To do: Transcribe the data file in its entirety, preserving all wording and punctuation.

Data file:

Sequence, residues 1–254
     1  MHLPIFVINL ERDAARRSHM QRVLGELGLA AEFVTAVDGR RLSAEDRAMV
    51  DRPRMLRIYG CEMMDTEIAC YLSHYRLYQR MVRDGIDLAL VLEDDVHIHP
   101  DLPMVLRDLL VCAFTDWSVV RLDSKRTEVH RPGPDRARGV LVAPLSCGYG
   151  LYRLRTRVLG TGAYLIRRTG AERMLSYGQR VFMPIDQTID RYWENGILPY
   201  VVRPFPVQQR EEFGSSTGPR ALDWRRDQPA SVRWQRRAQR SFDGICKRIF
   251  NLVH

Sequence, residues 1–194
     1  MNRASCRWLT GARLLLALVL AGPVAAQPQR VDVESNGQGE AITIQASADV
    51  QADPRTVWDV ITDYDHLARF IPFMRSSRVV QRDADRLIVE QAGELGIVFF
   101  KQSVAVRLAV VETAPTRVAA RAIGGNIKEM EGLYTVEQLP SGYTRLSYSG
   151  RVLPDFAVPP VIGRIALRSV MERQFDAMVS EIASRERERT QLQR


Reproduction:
Sequence, residues 1–254
     1  MHLPIFVINL ERDAARRSHM QRVLGELGLA AEFVTAVDGR RLSAEDRAMV
    51  DRPRMLRIYG CEMMDTEIAC YLSHYRLYQR MVRDGIDLAL VLEDDVHIHP
   101  DLPMVLRDLL VCAFTDWSVV RLDSKRTEVH RPGPDRARGV LVAPLSCGYG
   151  LYRLRTRVLG TGAYLIRRTG AERMLSYGQR VFMPIDQTID RYWENGILPY
   201  VVRPFPVQQR EEFGSSTGPR ALDWRRDQPA SVRWQRRAQR SFDGICKRIF
   251  NLVH

Sequence, residues 1–194
     1  MNRASCRWLT GARLLLALVL AGPVAAQPQR VDVESNGQGE AITIQASADV
    51  QADPRTVWDV ITDYDHLARF IPFMRSSRVV QRDADRLIVE QAGELGIVFF
   101  KQSVAVRLAV VETAPTRVAA RAIGGNIKEM EGLYTVEQLP SGYTRLSYSG
   151  RVLPDFAVPP VIGRIALRSV MERQFDAMVS EIASRERERT QLQR